Replacing a location’s standard bolts with more sophisticated locks should be among the first changes a business makes to ensure its continued security.
6. Stop unauthorized entry with a door access system.
A range of access control systems can restrict entry and serve as visitor management systems.
The most straightforward access control systems use RFID-enabled key fobs that unlock the door when held up to the reader. Be wary of these systems; these fobs all use the same company-wide RFID code and are easy to clone. Many vendors have replaced key fobs and cards with biometric access control systems that use fingerprint and iris identification, similar to the technology used to unlock modern smartphones.
Many access control systems run off databases with codes specific to each person. You can generate new cards using the software and printer the vendor provides. You can also deactivate an existing card to deny someone entry access.
To prevent “tailgating” – which is what happens when an unauthorized user sneaks in behind an authorized one – some of the best business security systems now track when more than one person enters after granting access. Security guards can then deal with the issue.
7. Install security cameras to boost business security.
For a time, CCTV lost its power as a deterrent. Video from security cameras was blurry, which made identification challenging, and it couldn’t be presented as evidence in court cases.
Now companies put up signage to warn intruders that their CCTV system records in HD or 4K. High-speed internet has also enabled HD and 4K picture transmission to remote control rooms. If an event is detected, a control room operator can view it and judge whether a mobile patrol or the police should be informed.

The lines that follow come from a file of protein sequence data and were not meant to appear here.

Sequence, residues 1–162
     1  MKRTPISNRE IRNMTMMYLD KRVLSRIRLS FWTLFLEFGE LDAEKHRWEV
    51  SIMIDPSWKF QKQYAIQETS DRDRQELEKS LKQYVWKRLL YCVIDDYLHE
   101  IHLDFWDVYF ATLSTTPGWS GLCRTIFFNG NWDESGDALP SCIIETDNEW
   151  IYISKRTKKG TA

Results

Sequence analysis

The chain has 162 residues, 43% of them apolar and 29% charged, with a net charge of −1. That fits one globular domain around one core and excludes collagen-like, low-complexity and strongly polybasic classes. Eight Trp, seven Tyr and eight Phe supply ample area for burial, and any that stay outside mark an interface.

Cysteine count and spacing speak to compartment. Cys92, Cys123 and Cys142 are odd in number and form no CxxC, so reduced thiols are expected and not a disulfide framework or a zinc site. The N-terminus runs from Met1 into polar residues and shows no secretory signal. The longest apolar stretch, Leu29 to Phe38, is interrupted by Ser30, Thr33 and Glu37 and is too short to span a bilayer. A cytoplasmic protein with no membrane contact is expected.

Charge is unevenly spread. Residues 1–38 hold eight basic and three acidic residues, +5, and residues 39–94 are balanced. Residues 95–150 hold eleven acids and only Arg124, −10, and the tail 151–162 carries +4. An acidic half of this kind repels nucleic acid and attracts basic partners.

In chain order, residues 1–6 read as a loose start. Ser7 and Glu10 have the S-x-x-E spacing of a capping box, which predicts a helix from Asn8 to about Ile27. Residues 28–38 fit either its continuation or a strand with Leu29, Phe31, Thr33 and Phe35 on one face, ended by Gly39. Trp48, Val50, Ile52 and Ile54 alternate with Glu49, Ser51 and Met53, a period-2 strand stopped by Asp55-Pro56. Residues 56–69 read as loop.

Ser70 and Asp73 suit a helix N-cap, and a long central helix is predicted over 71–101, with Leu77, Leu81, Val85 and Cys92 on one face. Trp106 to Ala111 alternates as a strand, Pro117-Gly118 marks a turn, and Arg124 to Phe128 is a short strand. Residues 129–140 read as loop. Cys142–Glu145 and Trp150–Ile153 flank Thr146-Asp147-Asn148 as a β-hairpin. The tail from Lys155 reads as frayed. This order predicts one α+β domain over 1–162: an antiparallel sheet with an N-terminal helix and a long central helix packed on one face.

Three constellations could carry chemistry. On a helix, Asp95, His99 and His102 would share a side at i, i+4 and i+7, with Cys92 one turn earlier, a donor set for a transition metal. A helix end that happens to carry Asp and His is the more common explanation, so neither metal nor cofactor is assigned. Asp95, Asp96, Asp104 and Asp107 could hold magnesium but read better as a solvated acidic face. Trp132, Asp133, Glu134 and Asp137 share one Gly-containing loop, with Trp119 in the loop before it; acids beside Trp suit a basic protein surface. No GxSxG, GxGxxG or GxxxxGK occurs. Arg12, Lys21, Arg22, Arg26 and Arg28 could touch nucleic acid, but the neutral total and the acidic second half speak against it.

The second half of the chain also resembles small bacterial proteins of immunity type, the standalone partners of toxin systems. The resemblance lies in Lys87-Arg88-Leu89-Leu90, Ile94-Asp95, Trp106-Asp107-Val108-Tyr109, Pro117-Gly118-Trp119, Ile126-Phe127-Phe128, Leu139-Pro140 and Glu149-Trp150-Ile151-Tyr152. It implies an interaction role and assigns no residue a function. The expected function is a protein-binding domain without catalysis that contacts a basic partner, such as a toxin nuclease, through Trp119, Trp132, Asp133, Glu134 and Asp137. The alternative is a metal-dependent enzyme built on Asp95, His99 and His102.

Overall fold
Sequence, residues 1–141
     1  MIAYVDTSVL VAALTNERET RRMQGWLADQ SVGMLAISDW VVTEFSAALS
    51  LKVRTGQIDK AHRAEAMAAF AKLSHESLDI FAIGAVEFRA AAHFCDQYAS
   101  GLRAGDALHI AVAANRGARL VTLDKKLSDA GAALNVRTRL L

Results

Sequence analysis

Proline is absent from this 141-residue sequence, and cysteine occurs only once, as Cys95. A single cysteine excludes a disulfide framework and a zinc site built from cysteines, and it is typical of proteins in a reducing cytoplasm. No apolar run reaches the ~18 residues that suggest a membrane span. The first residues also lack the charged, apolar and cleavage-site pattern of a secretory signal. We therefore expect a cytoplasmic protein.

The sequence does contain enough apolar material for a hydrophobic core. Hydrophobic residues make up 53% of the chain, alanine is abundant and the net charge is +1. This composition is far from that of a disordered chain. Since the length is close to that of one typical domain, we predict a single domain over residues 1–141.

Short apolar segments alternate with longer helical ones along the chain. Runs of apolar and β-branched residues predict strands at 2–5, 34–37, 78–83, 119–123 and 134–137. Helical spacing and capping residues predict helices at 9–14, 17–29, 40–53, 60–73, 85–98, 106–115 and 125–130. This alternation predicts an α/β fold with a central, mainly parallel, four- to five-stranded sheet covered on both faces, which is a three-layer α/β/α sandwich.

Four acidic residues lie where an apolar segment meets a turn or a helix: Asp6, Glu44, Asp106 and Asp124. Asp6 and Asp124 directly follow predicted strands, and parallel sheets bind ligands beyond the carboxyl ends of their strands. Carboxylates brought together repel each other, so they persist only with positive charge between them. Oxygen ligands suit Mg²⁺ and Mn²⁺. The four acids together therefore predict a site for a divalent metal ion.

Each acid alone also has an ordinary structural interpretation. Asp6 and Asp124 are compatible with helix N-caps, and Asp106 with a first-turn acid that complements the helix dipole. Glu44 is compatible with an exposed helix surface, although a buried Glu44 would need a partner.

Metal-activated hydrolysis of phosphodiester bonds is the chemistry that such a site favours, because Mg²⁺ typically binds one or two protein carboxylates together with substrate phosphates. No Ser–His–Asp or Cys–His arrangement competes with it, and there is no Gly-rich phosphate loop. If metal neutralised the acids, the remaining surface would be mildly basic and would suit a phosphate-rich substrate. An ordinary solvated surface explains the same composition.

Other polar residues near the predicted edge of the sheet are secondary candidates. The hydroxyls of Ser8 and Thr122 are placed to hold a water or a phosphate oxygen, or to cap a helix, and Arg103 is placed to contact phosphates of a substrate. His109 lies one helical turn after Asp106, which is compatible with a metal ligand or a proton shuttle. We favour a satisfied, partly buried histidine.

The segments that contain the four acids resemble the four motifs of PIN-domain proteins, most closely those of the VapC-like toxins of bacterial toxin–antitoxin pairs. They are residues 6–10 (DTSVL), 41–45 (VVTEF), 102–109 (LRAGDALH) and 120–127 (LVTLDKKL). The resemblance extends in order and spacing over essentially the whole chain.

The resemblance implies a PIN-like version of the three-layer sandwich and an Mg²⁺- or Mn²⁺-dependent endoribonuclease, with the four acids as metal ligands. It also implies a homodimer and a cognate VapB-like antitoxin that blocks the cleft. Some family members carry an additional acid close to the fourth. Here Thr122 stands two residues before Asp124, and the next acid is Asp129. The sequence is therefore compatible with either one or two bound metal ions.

Another significant CCTV development is the use of AI to alert controllers to unusual behavior and incidents in real time. Instead of watching a bank of screens for hours, the software captures video of unusual behavior and presents it to the control room operator, who decides what action to take.
8. Invest in an alarm system for your business.
Much like with car alarms, people no longer react to burglar alarm activations. Companies use them now to inform mobile patrols and other security firms that there may be a breach.
If mobile patrols get to the scene and discover the breach report was correct, they can send for a police response.
9. Create a storage and disposal process for sensitive files.
Documents left on employees’ desks are easy to remove and may contain sensitive commercial information you want to keep within your company. Ask co-workers to store documents in locked drawers at their desks when they’re not using them. Also, have them retrieve their printouts immediately if they share a printer.